So You Want To Attend A Conference


Published on

You’ve just learned about a wonderful conference. You feel that it offers opportunity for professional - and personal - growth. How do you convince your supervisor of the value of this opportunity?

Published in: Education

So You Want To Attend A Conference

  1. by Diane Cordell “TVintage Luggage Parmiters Antiques Southsea Reduxext” You’ve just learned about a wonderful conference. You feel that it offers opportunity for professional - and personal - growth.
  2. Because sometimes... “virtual” just isn’t enough. “dream on” You’ve connected with people online, you participate in online conferences, webinars, Elluminate discussions...but you realize that you’re missing out on a lot of valuable face-to- face interaction.
  3. You may encounter some “resistance” to the idea. “what?!?!” Your supervisor isn’t convinced of the value of such a request. Money for fees, travel, a substitute, and other expenses can add up.
  4. Don’t just sit back and hope for the best! “Help for some decisions” If this really matters to you, you need to present a reasoned and compelling rationale.
  5. Use some persuasion points: “A prickly personality” Here are some points that you might want to make in stating your case:
  6. Inspiration “forever joy...” You will be exposed to - and inspired by - new ideas, theories, philosophies of teaching and learning.
  7. Networking “Happy crowd” There will be networking opportunities that can benefit both you and your district. You will have the chance to interact with professional colleagues, respected experts in many fields, authors, visionaries, vendors, movers, and shakers. People will “put a face to the name” and be more willing to interact with you online, once the conference is over.
  8. Presenting “Visual Tools for Public Speaking” You may have an opportunity to present in front of your peers and benefit from their feedback. Preparing a presentation is a great way to clarify your ideas.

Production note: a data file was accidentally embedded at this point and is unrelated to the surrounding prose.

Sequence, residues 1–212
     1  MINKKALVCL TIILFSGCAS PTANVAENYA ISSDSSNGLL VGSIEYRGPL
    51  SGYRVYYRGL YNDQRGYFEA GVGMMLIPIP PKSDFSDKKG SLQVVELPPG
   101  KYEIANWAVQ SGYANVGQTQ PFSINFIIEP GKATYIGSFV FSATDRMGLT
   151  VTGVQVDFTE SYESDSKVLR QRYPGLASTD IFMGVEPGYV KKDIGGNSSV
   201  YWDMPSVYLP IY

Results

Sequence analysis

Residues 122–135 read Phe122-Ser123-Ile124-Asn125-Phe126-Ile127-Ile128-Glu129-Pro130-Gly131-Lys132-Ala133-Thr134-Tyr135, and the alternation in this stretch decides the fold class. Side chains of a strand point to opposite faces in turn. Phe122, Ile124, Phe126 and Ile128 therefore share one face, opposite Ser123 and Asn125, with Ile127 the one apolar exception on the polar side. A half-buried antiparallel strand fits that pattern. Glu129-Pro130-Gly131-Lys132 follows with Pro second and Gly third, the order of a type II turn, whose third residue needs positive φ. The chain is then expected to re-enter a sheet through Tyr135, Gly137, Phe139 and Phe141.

9. Exploring & Gathering “ALA Conference 2009 Exhibition Hall” There will be vendors eager to showcase their newest products and services. You’re sure to come home with Good Stuff (anything from pencils to software, posters to books) for your district. And those business cards you collect may come in handy, when you need information or technical assistance later on.
  10. And when you return home... And when you return... “The Flight Home” Remember: the conference shouldn’t end at the Closing Session. Stand-alone PD, in any form, usually doesn’t lead to meaningful change in understanding or practices.
  11. Sharing “Sharing” When you return, utilizing what you’ve learned is paramount. Your supervisor will expect evidence to justify your conference attendance.
  12. ...with students “Skyping in Mr. Silversides’ Classroom” “AASL 2009 Gaming with Chris Harris” “Civil War Sallie” “Geocaching” “The Alice Project” Use ideas generated by the conference with learners in your school (Skyping; Civil War Sallie; Geocaching; Gaming; The Alice Project).
  13. ...with staff, administrators, the BOE, parents and community members. “Faculty Meeting” Offer to do inservice trainings, workshops, and presentations in your district. Take every opportunity, formal and informal, to make what you’ve learned available to others.
  14. Take time to reflect on your experiences. “The self image” Was the experience social, inspirational, transformational? Document your professional growth and how what you’ve learned at the conference has affected others, particularly students.
  15. Continue the conversations. “Frosty Morning Web” Don’t let your experience end on the last day of the conference! Maintain contacts, continue conversations. (Twitter, Facebook, Plurk, Delicious, RSS, Flickr, Skype, Diigo, Wikispaces, Ning).
  16. Should you attend on your own nickel? “Business and Pleasure” If you decide that the experience would be a valuable one, but your school district is unable to fund conference attendance, consider going on your own. Think of it as a working vacation, with self-directed PD.
  17. Weigh the possibilities. “Large set of balance scales” Decide: Is there significant value in real life attendance, or will virtual attendance suffice? How much does “being there” matter to me, personally and professionally? Which conference best fits my needs, desires, schedule, budget?
  18. Is there a conference in YOUR future? “Pandora”
  19. Image Credits Slide 1: Slide 2: Slide 3: Slide 4: Slide 5: Slide 6: Slide 7: Slide 8: Slide 9: Slide10: Slide11: Slide12: Slide13: Slide14: Slide15: Slide16: Slide17: Slide18:
  20. On Twitter, Plurk, Flickr: dmcordell Blogging at Journeys: